appropriated funds for government vehicles taken home by employees. In
                   response to our September 1998 questionnaire to or interviews with the 46
                   District entities that had vehicles under their control, 37 entities reported
                   that they did not authorize anyone to take home a public vehicle. The
                   remaining 9 entities reported that 44 employees were authorized to take
                   home a public vehicle. Subsequently, 8 of the 9 entities told us that 21
                   employees who were still authorized as of September 1998 to take home
                   public vehicles were no longer doing so. The other entity, the District of
                   Columbia Housing Authority (DCHA), which had 23 employees authorized
                   to take home public vehicles, plans to comply with the law by funding the
                   cost of vehicles that are taken home with nonappropriated funds. We
                   concur that the statutory restriction does not prohibit DCHA from
                   spending its nonappropriated funds on vehicles that are taken home.

                   We also contacted the 10 entities identified in the District’s Public Vehicle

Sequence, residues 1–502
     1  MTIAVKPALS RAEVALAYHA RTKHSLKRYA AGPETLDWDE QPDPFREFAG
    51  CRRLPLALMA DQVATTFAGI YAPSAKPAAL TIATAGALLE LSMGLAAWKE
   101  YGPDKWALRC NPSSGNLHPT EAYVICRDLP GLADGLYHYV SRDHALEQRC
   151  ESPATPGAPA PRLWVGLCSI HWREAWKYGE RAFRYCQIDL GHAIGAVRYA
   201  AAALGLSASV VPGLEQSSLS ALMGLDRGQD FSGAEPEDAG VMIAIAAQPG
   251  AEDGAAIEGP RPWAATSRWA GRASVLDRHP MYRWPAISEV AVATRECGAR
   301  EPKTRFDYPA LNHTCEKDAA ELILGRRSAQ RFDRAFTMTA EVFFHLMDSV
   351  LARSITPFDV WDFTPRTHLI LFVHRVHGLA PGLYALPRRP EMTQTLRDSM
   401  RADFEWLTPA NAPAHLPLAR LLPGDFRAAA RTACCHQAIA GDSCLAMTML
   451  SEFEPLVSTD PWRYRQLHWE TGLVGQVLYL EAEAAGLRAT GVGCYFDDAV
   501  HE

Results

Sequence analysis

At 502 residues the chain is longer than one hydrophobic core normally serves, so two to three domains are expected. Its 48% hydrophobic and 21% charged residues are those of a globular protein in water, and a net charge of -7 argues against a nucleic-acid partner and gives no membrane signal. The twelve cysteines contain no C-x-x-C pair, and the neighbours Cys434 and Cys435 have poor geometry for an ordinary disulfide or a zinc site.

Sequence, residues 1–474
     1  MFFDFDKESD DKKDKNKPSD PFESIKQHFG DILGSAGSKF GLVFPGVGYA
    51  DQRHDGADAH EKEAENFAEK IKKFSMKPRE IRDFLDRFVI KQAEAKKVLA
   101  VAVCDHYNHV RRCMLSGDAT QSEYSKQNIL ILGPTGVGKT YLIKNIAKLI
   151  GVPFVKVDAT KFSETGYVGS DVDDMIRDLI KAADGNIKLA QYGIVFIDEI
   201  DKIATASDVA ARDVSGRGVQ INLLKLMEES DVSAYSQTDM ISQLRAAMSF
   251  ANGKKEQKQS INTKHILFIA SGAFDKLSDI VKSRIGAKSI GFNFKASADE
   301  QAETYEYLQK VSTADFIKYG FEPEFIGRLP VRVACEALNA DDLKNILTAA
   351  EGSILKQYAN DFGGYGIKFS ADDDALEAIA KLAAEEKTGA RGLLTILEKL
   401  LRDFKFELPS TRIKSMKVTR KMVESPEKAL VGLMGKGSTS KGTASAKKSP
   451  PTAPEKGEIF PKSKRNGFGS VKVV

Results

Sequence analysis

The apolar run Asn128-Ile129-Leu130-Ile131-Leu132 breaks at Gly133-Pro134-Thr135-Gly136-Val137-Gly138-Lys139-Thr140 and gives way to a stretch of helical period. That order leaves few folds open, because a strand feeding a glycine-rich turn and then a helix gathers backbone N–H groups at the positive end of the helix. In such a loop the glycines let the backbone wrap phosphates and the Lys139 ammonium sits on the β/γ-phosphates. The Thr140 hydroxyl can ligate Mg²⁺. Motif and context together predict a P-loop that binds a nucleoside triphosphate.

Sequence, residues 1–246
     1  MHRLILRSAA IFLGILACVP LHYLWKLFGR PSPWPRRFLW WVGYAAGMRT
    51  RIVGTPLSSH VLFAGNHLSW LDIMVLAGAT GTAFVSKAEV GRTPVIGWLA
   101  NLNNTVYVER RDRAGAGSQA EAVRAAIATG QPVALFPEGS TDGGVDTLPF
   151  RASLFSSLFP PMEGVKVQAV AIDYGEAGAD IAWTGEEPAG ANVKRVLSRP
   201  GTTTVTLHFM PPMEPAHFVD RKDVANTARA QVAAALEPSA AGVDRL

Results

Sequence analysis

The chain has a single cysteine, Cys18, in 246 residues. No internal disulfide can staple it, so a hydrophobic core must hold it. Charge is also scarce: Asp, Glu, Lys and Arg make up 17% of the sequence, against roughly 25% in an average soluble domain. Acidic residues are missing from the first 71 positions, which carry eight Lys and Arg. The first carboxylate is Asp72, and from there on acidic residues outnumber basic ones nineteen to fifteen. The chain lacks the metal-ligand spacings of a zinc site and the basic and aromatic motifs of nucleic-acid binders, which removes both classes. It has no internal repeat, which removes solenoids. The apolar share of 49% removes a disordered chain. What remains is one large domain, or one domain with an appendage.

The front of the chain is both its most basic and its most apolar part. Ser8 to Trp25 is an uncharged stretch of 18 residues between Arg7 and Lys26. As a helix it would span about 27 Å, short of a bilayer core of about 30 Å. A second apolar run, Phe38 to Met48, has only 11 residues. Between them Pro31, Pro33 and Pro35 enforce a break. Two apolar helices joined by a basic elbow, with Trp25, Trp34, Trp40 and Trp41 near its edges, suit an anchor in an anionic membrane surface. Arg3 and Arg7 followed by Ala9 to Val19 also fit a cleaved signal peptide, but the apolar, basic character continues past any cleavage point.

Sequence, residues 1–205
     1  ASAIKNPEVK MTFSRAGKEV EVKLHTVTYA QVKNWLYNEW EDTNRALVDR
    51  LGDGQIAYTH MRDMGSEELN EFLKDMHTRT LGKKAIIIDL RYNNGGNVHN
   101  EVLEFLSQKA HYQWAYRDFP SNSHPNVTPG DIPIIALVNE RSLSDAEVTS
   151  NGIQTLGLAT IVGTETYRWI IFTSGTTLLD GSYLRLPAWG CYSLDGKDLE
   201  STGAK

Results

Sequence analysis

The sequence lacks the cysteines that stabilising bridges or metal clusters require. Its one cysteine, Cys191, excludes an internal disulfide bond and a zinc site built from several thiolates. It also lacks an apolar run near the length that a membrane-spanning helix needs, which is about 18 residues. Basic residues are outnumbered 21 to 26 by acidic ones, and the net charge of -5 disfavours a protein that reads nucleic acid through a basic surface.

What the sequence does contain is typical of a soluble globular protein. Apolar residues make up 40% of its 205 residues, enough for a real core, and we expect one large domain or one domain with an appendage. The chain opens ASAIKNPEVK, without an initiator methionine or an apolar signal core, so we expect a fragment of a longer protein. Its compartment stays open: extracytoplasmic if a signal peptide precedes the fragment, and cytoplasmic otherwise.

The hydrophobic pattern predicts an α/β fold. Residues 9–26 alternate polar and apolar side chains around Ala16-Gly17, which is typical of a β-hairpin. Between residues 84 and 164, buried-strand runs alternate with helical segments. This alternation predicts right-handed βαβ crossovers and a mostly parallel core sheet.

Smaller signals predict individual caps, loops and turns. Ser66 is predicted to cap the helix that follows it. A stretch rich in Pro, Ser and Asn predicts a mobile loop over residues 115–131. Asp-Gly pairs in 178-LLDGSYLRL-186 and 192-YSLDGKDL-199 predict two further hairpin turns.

Report as allowing vehicles to be taken home as of September 30, 1997,
                   about steps they had taken to inform their affected employees of the
                   restriction on this practice. Officials at these 10 entities said that they had
                   notified their staff of the change in the law. Twenty-one of the 22 District
                   employees we contacted who were authorized to take home vehicles as of
                   September 30, 1997, were aware of the restriction. The remaining
                   employee said that his entity had not notified him of the change in policy,
                   but when he became aware of it from our survey, he stopped taking home
                   a vehicle.